Simbarashe Gukurume is a PhD candidate at the Institute for Humanities in Africa (HUMA), University of Cape Town and a Matasa Fellow. Simbarashe is finalising his PhD in Sociology. His thesis explores the complex entanglements between young people’s futures, politics, and religiosity within university spaces, examining how young people’s political, religious, and aspirational subjectivities are reconfigured in contexts of socioeconomic and political crisis and uncertainties. Simbarashe also holds an MSc in Sociology and Social Anthropology and a BSc in Sociology from the University of Zimbabwe. His research interests focus more broadly on the politics of young people’s everyday lives and livelihoods in various spaces.

Rita Makumbi is the Director of the Quality Assurance directorate at Ndejje University. She is also the Chairperson of the Uganda Universities Quality Assurance Forum and the President of the East African Quality Assurance Network. Previously, she was the Director of the Graduate School at Ndejje University. Rita graduated with a PhD in Management at Nkumba University, Uganda. Her research interests are economic growth and development, education value and youth enhancement, and policy management. The focus of her PhD project was to find the extent to which the National Youth Policy was able to create jobs for the youth in Uganda.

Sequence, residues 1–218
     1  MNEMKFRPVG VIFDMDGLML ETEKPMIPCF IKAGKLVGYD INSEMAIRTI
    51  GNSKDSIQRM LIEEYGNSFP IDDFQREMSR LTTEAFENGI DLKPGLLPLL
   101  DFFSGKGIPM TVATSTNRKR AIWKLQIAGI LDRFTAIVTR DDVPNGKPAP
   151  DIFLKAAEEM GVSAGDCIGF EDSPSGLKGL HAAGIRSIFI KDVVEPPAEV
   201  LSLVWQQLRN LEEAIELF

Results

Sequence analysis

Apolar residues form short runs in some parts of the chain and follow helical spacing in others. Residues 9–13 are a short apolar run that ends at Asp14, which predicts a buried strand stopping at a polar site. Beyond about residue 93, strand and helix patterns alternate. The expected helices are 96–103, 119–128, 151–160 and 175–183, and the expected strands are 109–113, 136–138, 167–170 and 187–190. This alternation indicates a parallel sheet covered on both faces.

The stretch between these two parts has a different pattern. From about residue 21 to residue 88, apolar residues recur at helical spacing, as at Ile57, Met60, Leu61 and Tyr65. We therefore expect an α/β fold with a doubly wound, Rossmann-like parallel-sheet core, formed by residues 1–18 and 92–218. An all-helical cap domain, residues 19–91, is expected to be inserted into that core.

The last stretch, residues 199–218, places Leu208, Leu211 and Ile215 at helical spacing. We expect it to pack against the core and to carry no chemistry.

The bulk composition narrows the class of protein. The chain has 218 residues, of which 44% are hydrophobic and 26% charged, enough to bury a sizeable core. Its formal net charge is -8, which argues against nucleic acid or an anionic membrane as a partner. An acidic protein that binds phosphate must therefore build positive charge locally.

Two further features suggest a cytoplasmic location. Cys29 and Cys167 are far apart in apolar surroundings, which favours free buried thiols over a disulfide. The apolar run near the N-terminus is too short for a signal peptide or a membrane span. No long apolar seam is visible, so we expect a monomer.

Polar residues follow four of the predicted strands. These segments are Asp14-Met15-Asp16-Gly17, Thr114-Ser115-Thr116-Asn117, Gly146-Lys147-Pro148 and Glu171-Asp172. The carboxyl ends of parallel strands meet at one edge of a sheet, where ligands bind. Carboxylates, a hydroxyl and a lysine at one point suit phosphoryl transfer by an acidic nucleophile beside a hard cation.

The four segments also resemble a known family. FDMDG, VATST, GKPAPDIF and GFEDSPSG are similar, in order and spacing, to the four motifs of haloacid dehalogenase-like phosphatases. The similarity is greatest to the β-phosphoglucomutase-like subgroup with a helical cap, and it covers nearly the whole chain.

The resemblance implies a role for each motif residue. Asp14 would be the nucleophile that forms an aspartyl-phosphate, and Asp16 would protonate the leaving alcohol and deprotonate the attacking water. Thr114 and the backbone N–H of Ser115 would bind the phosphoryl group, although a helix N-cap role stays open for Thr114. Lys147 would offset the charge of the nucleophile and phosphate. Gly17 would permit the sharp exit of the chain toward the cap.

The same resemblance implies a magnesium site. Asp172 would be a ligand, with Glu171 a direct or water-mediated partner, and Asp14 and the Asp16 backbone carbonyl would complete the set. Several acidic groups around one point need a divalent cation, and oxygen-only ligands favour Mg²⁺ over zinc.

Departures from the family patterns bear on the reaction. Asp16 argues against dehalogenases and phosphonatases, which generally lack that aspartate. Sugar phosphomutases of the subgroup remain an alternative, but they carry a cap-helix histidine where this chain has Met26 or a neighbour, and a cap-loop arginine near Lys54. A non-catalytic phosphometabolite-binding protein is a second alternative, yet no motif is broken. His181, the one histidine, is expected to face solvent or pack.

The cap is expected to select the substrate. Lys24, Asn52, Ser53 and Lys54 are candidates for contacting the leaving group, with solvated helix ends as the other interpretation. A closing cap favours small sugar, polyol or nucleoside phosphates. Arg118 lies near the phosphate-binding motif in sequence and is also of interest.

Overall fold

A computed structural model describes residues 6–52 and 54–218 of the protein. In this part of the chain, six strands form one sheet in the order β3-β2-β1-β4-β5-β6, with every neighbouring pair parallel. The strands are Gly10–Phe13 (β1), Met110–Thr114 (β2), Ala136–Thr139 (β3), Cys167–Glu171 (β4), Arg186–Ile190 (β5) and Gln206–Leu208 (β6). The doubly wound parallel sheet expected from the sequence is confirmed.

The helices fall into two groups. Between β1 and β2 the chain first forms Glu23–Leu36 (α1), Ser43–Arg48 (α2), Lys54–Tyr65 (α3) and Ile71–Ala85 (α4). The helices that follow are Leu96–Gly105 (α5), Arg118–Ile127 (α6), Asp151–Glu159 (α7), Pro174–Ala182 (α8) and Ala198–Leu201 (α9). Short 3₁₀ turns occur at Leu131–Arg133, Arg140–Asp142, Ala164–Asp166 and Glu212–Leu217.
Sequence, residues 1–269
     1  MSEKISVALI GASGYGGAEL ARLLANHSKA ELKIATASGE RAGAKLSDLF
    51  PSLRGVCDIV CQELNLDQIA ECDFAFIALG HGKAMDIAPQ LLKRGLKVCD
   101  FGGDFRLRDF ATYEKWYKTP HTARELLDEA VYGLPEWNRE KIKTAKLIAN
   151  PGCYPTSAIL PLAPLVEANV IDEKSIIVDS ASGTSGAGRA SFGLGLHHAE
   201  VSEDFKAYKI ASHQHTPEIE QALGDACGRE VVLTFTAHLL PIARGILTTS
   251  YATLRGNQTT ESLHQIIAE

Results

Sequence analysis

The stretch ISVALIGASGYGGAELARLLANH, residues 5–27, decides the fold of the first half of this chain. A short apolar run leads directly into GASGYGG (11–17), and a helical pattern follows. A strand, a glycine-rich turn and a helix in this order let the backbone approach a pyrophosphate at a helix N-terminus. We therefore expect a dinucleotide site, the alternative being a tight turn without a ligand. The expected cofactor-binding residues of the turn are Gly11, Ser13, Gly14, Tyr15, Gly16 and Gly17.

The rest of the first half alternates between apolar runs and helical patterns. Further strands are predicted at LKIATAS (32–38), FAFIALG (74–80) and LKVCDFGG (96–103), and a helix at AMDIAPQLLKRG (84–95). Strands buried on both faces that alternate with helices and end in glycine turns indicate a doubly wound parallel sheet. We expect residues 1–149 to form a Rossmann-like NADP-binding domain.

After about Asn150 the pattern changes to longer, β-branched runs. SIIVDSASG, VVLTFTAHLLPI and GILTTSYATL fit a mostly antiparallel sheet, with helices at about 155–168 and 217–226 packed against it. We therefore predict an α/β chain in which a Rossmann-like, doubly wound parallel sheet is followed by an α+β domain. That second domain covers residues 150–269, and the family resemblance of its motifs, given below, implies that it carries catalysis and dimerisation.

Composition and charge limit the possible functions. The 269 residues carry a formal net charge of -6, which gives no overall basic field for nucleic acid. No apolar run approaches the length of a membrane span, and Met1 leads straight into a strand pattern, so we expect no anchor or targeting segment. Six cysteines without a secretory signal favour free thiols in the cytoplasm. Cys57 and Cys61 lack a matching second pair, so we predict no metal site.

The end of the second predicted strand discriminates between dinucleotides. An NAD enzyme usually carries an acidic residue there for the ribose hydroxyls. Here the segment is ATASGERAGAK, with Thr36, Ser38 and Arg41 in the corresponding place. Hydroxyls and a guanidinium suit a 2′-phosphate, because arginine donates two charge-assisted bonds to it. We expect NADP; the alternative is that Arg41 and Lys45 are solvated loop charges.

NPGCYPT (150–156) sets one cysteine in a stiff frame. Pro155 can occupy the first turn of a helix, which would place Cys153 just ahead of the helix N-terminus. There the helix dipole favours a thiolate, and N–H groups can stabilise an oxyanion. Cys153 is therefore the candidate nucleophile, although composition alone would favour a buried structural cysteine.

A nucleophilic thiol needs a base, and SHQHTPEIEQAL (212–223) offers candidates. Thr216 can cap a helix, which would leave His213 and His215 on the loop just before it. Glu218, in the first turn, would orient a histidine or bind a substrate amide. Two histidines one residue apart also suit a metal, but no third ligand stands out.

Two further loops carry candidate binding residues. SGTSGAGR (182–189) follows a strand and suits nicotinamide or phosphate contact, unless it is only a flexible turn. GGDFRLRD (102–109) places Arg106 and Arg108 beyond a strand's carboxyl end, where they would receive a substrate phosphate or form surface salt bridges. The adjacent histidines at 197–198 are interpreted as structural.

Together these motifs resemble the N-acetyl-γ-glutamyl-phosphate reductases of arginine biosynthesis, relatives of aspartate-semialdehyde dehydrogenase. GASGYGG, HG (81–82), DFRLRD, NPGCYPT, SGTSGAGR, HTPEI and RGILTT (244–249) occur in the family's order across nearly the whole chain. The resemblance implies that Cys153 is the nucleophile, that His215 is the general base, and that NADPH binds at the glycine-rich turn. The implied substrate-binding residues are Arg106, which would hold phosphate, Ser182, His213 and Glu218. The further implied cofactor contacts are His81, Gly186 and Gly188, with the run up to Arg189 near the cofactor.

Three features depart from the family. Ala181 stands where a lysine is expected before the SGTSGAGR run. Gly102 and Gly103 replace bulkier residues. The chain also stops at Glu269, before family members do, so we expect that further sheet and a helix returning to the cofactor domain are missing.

John Muchira is a PhD candidate in Sociocultural and International Development Education Studies, Florida State University, completing his dissertation on Kenyan entrepreneurship education. Currently, he is working in the Office of the Provost and Executive Vice-President of Academic Affairs in the Critical Thinking Initiative. John is a recipient of several scholarships and awards, including the Fulbright scholarship. He is also a Business Model competition finalist at the Jim Moran Institute for Global Entrepreneurship, and won a scholarship to participate in the European Entrepreneurship Summer School, the Netherlands. His research interests are in entrepreneurship development, innovation, youth livelihoods, policy experimentation, and curriculum reforms.